McCarthy came out of the Cubs’ dugout to calm Malone down and break the A’s growing momentum. Malone induced a ground out from Cochrane, and for a moment, it looked like the game would go into extra innings. But, the next batter, Simmons, kept the rally going by smashing a two-bagger off the scoreboard in right-center field. McCarthy came back out to the mound and after a brief conference, they decided to walk Foxx and pitch to Bing Miller.
After working the count to two balls and two strikes, Miller lined a Malone curveball over Hornsby’s head.[fn]Various newspaper accounts noted that Malone threw a fastball to Miller, but Athletics catcher Mickey Cochrane saw it differently, “The pitch that Miller swatted was a curveball. Malone made him look bad on two fastballs outside and then gave a hook to him and Bing is the best curve ball hitter in the American League. That was not very smart.” Philadelphia Inquirer, October 15, 1929.[/fn] The sphere landed safely in the grass between Cuyler and Wilson as Simmons galloped home with the winning run, clinching Mack’s fourth world championship.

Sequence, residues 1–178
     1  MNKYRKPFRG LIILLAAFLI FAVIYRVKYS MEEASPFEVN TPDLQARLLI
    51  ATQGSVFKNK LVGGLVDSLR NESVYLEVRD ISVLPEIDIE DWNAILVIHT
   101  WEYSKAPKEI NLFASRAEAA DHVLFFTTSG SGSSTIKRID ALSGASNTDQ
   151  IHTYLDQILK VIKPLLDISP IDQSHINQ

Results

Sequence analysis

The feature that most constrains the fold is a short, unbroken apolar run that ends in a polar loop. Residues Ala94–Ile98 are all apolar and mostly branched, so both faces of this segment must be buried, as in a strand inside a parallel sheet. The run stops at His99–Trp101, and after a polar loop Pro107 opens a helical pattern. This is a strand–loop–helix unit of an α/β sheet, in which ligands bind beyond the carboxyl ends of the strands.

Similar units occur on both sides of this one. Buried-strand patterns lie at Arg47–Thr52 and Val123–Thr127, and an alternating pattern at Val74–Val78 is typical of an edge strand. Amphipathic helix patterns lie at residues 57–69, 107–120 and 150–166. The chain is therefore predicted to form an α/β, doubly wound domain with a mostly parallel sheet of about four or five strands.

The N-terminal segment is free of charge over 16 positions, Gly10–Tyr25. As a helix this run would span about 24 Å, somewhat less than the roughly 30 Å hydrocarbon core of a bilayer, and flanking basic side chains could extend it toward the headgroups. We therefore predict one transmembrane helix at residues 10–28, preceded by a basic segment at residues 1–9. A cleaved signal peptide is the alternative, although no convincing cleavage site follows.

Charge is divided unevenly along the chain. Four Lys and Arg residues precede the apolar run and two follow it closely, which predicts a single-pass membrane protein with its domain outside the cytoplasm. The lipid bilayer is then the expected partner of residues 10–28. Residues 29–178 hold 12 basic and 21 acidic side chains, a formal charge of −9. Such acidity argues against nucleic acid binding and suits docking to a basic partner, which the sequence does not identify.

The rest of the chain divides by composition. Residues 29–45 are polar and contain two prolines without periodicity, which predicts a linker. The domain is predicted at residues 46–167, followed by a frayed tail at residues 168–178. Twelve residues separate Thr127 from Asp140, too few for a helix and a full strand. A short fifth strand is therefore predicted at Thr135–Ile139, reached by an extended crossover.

The Athletics, including their normally reserved manager, rushed out of the dugout to greet Simmons as he crossed the plate. Even the mayor of Philadelphia, the honorable Harry A. Mackey, ran on the field to join the celebration. President Hoover and his entourage were also caught up in the excitement, applauding enthusiastically from their special box next to the A’s dugout.
Connie Mack wrote in his newspaper column the next day, “To my players must go full credit for the victory. They won the American League pennant brilliantly and didn’t lag a bit in the world’s series. They kept their heads up, fought to the last and won the big title with the most amazing display of courage in winning games apparently lost that was ever seen in the classic.”[fn]Connie Mack, “Manager Praises Grit of Team,” Milwaukee Sentinel, October 15, 1929.[/fn]
The attendance for the five games was 190,490, resulting in gate receipts of $859,494.[fn]“World Series Figures,” Philadelphia Inquirer, October 15, 1929.[/fn]